Theory and Research on Racial and Ethnic Minorities: Hispanic Americans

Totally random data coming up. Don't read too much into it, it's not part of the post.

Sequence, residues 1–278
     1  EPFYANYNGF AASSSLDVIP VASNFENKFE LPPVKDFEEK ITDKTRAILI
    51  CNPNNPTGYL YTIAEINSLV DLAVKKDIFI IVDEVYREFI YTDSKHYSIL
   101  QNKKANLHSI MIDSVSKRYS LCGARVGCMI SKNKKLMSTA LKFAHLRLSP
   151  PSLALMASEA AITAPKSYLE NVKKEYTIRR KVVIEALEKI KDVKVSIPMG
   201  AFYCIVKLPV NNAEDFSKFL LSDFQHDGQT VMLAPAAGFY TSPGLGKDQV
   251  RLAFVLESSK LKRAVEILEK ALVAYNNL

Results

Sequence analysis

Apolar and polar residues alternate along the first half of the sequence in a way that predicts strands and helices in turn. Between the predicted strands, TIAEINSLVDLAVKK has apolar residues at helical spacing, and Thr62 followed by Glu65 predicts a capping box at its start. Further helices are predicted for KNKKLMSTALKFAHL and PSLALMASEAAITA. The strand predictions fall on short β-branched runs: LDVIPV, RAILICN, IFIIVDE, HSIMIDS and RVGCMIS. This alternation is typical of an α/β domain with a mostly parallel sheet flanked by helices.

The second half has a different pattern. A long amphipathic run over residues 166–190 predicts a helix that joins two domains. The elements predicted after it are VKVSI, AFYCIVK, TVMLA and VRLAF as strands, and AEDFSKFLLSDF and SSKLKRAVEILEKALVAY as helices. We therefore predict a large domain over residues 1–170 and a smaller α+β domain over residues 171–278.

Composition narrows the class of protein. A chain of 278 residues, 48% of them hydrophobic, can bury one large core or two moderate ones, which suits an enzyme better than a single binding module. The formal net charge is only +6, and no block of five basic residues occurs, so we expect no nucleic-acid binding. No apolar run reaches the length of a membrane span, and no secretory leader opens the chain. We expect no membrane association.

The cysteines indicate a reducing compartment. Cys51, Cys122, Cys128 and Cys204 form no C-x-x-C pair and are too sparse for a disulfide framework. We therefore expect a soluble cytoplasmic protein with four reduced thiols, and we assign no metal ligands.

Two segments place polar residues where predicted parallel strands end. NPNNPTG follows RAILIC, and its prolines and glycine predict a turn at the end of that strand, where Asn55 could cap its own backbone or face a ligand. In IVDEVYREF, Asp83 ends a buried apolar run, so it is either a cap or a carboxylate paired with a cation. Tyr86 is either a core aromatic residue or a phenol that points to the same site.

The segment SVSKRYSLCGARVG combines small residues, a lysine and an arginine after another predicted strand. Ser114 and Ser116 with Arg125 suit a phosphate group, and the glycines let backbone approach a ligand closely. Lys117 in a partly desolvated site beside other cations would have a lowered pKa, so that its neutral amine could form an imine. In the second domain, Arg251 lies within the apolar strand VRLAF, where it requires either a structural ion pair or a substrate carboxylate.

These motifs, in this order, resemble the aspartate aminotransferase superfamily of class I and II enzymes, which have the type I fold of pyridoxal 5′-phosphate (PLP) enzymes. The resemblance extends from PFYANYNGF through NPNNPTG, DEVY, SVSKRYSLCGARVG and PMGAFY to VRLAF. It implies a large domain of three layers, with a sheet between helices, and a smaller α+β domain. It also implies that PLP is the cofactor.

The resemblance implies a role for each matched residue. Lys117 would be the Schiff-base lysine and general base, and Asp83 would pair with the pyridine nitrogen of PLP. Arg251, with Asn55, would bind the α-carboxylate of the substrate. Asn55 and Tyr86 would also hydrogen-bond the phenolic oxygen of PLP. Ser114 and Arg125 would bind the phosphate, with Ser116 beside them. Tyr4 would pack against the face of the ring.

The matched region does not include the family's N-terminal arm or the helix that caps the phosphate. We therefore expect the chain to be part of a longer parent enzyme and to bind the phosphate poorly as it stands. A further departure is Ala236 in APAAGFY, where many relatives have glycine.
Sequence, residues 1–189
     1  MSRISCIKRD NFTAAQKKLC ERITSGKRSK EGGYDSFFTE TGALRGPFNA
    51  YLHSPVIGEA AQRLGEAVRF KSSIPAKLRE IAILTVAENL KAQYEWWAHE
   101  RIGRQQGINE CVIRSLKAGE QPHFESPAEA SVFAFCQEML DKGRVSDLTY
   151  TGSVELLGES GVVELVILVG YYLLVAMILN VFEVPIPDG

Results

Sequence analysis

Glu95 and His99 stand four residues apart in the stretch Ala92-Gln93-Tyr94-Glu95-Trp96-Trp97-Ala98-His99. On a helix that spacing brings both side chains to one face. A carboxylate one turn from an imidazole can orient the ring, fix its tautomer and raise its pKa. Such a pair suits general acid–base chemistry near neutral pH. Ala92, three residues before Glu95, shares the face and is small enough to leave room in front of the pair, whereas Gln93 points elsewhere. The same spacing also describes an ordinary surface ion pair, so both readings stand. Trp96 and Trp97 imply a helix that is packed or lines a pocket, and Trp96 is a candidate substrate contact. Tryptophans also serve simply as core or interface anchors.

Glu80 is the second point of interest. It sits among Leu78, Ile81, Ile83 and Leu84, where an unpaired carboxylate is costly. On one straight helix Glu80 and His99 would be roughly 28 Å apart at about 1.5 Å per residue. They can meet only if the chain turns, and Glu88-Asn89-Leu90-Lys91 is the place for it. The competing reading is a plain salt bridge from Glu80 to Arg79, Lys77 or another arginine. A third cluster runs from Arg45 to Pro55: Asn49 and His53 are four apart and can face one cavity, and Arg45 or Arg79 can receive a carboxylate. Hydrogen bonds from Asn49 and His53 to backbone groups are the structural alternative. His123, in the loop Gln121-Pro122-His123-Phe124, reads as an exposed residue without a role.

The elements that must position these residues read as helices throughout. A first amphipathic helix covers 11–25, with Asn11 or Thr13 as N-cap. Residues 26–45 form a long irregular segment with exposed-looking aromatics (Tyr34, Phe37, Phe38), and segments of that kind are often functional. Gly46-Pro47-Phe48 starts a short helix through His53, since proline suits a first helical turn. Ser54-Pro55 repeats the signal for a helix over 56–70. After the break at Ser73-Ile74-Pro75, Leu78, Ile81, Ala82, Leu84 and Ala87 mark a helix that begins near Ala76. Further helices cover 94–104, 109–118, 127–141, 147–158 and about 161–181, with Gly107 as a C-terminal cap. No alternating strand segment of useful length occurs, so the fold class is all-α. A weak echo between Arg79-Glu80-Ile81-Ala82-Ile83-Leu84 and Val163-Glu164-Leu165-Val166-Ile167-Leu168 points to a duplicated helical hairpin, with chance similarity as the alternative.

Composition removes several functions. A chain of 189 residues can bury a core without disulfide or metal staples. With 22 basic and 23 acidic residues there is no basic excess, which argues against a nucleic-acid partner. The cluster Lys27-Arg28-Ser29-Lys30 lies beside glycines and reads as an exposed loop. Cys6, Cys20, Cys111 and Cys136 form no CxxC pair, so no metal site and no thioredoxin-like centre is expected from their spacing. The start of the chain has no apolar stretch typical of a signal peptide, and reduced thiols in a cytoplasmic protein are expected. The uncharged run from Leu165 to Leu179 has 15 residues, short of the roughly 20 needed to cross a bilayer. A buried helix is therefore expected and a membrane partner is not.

The term Hispanic is widely used by social scientists to refer to a very diverse group of people who share a history of Spanish colonialism in the American continent. Hispanics in the United States include people whose national origin is Mexico, Puerto Rico, Cuba, as well as countries in Central and South America (Tienda & Ortiz, 1986). The term Hispanic is also used to refer to people with links to Spain or Mexico who have been in the United States for many generations (mainly in Arizona, New Mexico, and Colorado), and who consider themselves of Hispanic origin even though they do not identify with any specific country in Latin America. This last group is commonly referred to as "Other Hispanics" (Bean & Tienda, 1987). The label Hispanic, however, is not universally accepted by the population of Latin American origin in the United States. Currently its use is debated among social scientists, many of whom would prefer a wider use of the term Latino to refer to this multiethnic group (Calderon, 1992; Gomez, 1992).